[G.R. No. 45554. May 27, 1938. ]
THE PEOPLE OF THE PHILIPPINES, Plaintiff-Appellee, v. ALBERTO MABASSA ET AL., Defendants-Appellants.
Tomas Yumol for Appellants.
Solicitor-General Tuason for Appellee.
1. CRIMINAL LAW; ROBBERY WITH HOMICIDE; CREDIBILITY OF THE TESTIMONY OF A CHILD TEN YEARS OF AGE. — The appellants impugn the testimony of ten-year old M. A., as improbable, inconsistent and ridiculous. The testimony of said child, in the light of all the circumstances, being sincere and free from suspicion, it alone is sufficient to sustain the conviction of the appellants. (U. S. v. Ambrosio and Falsario, 17 Phil., 295; U. S. v. Tan Teng, 23 Phil., 145; People v. Sasota, 52 Phil., 281; and People v. Alambra and Garcia, 58 Phil., 578.)
2. ID.; ID.; "ANTE MORTEM" DECLARATION. — The admissibility of an ante mortem declaration is not affected by the fact that the declarant died hours or days after making his declaration; it is sufficient that he believed himself in imminent danger of death at the time of such declaration. (U. S. v. Gil, 13 Phil., 530; U. S. v. Mallari, 29 Phil., 14; People v. Dizon, 44 Phil., 267; and People v. Serrano, 58 Phil., 669.)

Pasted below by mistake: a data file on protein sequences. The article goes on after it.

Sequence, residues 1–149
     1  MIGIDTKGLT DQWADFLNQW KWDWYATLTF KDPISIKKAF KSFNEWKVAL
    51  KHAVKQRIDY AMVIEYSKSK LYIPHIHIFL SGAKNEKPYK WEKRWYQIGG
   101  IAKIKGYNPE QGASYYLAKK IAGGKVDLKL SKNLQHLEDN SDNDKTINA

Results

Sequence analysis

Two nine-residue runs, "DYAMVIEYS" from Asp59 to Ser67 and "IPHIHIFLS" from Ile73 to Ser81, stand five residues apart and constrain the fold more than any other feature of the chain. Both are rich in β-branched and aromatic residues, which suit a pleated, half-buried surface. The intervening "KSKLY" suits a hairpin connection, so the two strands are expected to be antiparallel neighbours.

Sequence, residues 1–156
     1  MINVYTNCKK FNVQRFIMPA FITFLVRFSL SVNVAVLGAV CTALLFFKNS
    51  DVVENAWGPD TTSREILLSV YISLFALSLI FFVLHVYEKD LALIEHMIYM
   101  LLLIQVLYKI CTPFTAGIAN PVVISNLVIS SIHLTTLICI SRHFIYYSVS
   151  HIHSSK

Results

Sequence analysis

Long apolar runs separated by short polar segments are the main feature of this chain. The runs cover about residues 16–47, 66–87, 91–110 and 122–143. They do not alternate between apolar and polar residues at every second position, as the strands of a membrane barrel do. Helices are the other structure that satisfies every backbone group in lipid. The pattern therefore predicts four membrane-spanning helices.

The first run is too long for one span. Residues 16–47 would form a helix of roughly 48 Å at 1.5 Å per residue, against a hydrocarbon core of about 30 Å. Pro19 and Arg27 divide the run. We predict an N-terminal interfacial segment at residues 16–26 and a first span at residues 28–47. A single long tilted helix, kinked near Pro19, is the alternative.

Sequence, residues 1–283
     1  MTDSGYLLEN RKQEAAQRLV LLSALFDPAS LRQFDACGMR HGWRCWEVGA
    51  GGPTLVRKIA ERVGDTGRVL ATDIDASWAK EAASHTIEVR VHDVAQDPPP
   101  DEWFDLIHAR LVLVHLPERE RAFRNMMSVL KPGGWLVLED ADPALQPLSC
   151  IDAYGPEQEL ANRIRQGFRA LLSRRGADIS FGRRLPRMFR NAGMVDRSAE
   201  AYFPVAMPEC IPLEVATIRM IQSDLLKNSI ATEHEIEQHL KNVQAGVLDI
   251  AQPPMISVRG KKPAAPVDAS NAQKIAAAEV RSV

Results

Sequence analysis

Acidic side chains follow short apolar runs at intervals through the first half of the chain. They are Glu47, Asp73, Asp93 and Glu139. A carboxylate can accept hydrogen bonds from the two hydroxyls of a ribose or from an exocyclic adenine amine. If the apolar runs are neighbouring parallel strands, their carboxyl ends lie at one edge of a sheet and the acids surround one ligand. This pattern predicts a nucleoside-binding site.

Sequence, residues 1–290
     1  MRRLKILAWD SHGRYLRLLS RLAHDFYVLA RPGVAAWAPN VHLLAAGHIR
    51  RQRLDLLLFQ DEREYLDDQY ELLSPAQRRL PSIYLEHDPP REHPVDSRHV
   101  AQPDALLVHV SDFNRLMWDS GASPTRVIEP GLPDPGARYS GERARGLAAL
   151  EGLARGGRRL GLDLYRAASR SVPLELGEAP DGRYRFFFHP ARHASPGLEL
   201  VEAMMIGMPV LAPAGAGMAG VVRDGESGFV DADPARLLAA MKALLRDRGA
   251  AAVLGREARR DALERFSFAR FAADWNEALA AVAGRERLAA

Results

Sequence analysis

3. ID.; ID.; JUDICIAL DISCRETION. — It is a well-settled rule that the court, without committing an error, may, in the exercise of its discretion, receive additional evidence after both the prosecution and the defense had rested, as it did in this case. (U. S. v. Tria, 17 Phil., 303.) It cannot be said that the defendants in this case were prejudiced when they have had ample opportunity to present evidence in their defense.
4. ID.; ID.; EXTRAJUDICIAL ADMISSIONS OR CONFESSIONS. — The appellants confuse the extrajudicial admissions or confession made by a coconspirator extrajudicially with the testimony of a coaccused given at the trial. The first is admissible only against the declarant while the second is perfectly admissible against his coaccused. (People v. Sabacahan, G. R. No. 42664, April 8, 1935 [61 Phil., 1034]; People v. Parcon, 55 Phil., 970; U. S. v. Maharaja Alim, 38 Phil., 1; U. S. v. Remigio, 37 Phil., 699; and People v. Badilla, 48 Phil., 718.)
D E C I S I O N
This is a case of robbery with homicide. Domingo Tagalog, one of the defendants, was sentenced on his plea of guilty. Alberto Mabassa, Abelardo Labao and Silverio Uy, the other three defendants, were tried, found guilty and sentenced, and they now appeal from the sentence.
The evidence on which conviction was based consists of the testimony of Maria Aquino, a child of ten years; the ante mortem declaration made by the deceased Clemente Aquino before his brother-in-law Federico Paguirigan and the barrio lieutenant, Inocencio Bacani; and the testimony of the coaccused Domingo Tagalog.